If you bake, brownies are the one recipe that you will likely make again over time unless you don’t love chocolate. If that’s the case, then we can’t be friends. But, if you’re like me, or my daughter, a dose of chocolate in any baked form provides the often necessary relief after a hard day at work, or a long day of household chores.
Truth be told, we eat brownies here at all hours of the day. After school snack, lunch box treat, post-meal dessert, and I’m afraid to say, this morning, breakfast. I feel better coming clean about that. While I don’t endorse eating brownies for breakfast, once in a while I’m willing to take a pass on the perfect mom standards and let my daughter eat a brownie for breakfast, so long as it’s accompanied by a tall glass of milk. I don’t know why the glass of milk helps justify the breakfast brownie pass, but it does. I guess that food guide school training is more heavily ingrained in me than I thought. I have been confidently reassured by my daughter that it’s ok to serve a brownie for breakfast. The other day, when I forgot to pack a spoon in her lunch bag, I declared that I had screwed up, and wasn’t perfect, to which she responded, “it’s ok that you’re not perfect; that’s what makes you a mom.” Hmmm…sometimes I wonder who the parent is in our relationship!
At at any rate, brownie lovers hardly need coaxing to eat them, and because I love to bake and read cookbooks, I don’t just settle on one recipe to make over and over again. I make brownies often, because I’m asked to do so, and it’s one of the few recipes that will have my daughter bolt into the kitchen to help me bake. That’s partly because of the reward at the end of the road, but also because of the bowl licking exercise that inevitably entails as a result. It’s a win-win, she would say.
We’ve made these brownies twice. The first time, I asked my daughter to pick out a recipe for brownies from my library. Her ten year old mind very adeptly picked up a title called “Brownie Points” by Lisa Slater. This book is all brownie-all chocolate-no messing around with other dessert recipes to cloud the issue. When you need pure chocolate, this book will satisfy the craving. After reviewing the endless selection of recipes, we settled on the Classic Brownie. How couldn’t we? This recipe is loaded with two kinds of chocolate, lots of eggs and very little flour. This results in a very dense, fudgy, chocolatey brownie. Definitely at the opposite end of the spectrum from cake brownies. Decadent, rich and very good. So good, in fact, that Meat and Tater Man’s co-worker emailed me for the recipe. So here it is, Elena, just for you.
This is Lisa Slater's Classic Brownie recipe from her book, Brownie Points. This recipe will yield a moist, dense, fudgy brownie, and Lisa specifies a short baking time to ensure they don't get overbaked. This helps ensure the brownies will stay moist and tender.
With regards to ingredients, I used all purpose flour, and for the chocolate, since I didn't have bittersweet chocolate, I used 3 oz of unsweetened chocolate (instead of 2), and 11 oz of semi-sweet chocolate chips (instead of 12 oz bittersweet chocolate). It worked exceptionally well. While Lisa notes that the instant coffee addition is optional, I've found that adding coffee of any kind to chocolate always heightens the flavour of the chocolate. This is a tip I got from Ina Garten's recipes over the years. I've also found that the addition of salt called for in baking recipes always makes a difference. I urge you not to skip these additions.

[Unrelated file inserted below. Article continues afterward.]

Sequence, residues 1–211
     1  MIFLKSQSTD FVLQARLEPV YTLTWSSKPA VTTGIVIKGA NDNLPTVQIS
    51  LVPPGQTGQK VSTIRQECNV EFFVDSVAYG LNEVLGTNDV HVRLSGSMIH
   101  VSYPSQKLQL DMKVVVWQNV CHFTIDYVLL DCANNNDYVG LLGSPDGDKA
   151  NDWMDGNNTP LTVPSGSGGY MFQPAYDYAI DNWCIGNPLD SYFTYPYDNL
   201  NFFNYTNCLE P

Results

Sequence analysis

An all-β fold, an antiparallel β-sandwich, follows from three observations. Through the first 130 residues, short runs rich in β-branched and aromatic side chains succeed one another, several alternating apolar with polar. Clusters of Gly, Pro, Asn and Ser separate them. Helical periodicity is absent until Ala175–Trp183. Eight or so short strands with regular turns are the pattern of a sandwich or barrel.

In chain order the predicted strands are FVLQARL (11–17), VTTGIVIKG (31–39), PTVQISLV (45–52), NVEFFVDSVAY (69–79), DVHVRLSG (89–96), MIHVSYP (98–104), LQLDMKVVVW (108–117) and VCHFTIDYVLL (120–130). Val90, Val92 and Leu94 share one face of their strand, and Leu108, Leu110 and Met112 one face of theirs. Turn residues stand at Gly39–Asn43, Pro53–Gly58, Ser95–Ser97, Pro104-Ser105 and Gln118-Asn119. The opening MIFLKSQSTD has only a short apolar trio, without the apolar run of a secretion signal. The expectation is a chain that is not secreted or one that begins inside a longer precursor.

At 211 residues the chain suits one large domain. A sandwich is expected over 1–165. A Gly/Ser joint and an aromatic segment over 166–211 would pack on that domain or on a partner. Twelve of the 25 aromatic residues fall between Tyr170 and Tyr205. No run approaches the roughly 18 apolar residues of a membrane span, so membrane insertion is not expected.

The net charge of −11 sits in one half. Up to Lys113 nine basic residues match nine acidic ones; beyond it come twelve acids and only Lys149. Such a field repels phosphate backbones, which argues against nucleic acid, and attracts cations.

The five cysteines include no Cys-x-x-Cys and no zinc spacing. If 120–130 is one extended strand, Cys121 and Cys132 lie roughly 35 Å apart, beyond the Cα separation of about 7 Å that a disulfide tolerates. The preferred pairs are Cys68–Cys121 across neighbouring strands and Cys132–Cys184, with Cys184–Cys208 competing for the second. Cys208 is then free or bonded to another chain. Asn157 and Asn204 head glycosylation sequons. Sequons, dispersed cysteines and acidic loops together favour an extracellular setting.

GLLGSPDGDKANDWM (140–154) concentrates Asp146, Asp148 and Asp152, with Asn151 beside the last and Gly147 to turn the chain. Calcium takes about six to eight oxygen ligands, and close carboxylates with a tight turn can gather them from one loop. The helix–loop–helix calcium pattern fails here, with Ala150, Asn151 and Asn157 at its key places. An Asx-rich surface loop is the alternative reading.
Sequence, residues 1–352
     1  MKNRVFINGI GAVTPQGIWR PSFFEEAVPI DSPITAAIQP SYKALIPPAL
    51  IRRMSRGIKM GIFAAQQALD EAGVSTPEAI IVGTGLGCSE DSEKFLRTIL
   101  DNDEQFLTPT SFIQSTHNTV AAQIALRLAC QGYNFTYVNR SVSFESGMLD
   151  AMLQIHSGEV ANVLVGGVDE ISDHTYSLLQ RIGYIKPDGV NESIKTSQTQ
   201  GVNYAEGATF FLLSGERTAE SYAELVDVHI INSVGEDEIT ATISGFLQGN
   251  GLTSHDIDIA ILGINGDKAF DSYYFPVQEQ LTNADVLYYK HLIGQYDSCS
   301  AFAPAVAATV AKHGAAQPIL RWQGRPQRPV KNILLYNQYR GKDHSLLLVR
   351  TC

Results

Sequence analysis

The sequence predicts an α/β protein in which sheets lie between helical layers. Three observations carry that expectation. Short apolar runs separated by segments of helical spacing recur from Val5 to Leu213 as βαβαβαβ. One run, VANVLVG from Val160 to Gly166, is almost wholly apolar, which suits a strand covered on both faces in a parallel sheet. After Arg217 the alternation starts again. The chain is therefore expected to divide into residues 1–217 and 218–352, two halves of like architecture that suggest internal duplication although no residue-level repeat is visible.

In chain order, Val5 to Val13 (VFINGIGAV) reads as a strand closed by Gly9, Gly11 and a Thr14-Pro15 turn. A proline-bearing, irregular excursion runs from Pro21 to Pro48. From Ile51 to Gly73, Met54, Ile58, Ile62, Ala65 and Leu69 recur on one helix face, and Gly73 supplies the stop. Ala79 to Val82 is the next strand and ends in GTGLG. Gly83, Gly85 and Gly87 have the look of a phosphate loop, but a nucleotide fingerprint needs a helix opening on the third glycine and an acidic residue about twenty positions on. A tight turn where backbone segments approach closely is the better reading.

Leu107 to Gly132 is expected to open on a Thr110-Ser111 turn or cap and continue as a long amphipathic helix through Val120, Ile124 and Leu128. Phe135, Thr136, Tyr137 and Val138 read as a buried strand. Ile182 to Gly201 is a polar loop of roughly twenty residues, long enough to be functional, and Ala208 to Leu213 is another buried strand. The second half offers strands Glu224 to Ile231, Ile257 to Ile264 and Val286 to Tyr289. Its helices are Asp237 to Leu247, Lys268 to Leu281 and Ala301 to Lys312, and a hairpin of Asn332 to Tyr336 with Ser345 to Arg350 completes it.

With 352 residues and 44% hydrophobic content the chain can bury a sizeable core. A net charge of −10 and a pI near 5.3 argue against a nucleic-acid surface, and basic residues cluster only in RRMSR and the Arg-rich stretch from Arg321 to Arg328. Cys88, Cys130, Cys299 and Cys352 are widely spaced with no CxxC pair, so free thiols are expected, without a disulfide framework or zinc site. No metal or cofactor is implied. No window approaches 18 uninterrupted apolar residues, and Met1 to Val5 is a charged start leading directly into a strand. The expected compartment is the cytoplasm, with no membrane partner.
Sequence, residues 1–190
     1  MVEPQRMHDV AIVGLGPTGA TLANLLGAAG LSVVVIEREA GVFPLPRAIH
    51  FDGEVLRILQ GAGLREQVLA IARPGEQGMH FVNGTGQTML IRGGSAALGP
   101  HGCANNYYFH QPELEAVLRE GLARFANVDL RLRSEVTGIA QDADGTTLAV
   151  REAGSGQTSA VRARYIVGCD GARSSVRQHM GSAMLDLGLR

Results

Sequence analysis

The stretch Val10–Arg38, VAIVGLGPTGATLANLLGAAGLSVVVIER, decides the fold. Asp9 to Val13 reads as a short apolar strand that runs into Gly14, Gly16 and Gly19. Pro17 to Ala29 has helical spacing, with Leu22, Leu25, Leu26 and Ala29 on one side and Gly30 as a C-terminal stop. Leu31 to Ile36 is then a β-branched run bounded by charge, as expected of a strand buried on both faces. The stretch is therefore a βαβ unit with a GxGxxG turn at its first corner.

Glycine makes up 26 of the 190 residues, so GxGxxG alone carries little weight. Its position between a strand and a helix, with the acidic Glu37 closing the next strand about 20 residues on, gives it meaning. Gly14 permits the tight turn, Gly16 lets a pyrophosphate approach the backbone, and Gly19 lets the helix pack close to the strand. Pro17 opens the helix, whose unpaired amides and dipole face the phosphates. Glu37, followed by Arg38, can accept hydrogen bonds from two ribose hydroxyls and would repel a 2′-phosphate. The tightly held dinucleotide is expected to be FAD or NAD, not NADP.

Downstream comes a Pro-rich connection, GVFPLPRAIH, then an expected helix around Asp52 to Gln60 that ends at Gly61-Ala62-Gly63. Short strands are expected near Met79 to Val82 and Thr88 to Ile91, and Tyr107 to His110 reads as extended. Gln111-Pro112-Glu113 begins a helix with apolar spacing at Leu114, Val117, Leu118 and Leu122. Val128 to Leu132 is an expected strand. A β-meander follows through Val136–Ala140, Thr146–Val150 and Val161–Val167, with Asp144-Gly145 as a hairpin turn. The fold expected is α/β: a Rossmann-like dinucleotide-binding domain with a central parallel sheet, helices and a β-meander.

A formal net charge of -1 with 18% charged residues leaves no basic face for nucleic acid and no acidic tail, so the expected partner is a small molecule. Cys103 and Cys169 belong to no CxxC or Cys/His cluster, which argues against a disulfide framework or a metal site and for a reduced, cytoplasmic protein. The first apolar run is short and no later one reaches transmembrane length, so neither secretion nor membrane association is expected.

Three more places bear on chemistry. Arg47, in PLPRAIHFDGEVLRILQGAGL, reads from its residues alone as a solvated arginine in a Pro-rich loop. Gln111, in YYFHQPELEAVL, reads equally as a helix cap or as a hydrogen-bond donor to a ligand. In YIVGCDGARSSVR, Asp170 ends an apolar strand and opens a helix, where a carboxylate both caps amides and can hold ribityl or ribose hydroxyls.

Here are some additional notes worth mentioning, from Lisa's book. She calls these (appropriately) Brownie Points!
The recipe makes almost 6 cups of batter. Because many of my recipes call for this batter as an ingredient, you can make a smaller batch of brownies and freeze the rest of the batter. Pour the brownies into a parchment-lined 8x8-inch baking pan, 3/4 of the way up the sides, and bake as instructed. Place the remaining batter in a freezer bag and refrigerate for up to 3 months or freeze indefinitely. Defrost before using. Instant flour is found in the baking section of grocery stores as “Wondra.”
- 1 cup butter
- 1 cup brown sugar
- 1 1/2 cups granulated sugar
- 12 oz bittersweet chocolate, chopped
- 2 oz unsweetened chocolate, chopped
- 6 eggs
- 1 Tbsp vanilla extract
- 1 tsp kosher salt
- 1 Tbsp instant coffee granules dissolved in 1 Tbsp hot water (optional)
- 1 cup instant or all-purpose flour
- Preheat the oven to 300 F.
- Line a 9x13-inch pan with overhanging parchment paper.
- In a medium saucepan, melt the butter over medium heat with the sugars. Use a heat-resistant spatula or a wire whisk to mix. At first, the liquefied butter will settle over the sugar. Keep stirring until the sugar and butter have completely combined. The sugar will still be somewhat granular, but it will have incorporated the butter into a single, smooth mass.
- Remove from the heat and cool for 10 minutes. Add both chocolates. Whisk until smooth.
- Add the eggs and whisk until the mixture is thick and shiny.
- Add the vanilla, salt and optional dissolved coffee granules. Mix to blend.
- Add the flour and whisk only until smooth.
- Pour into the prepared pan.
- Bake for 30-35 minutes only. The center will puff and the edges will appear glossy and firm. The center may appear soft underneath the surface, which is fine.
- Remove from the oven and let cool to room temperature.
- Refrigerate until firm.
- Place a cutting board over the pan and turn upside down. Remove the parchment paper. Invert them onto another board and slice into cubes, rectangles or triangles.
- Store in the fridge wrapped in plastic for up to 2-3 weeks. Freeze wrapped in plastic and foil for up to 6 months.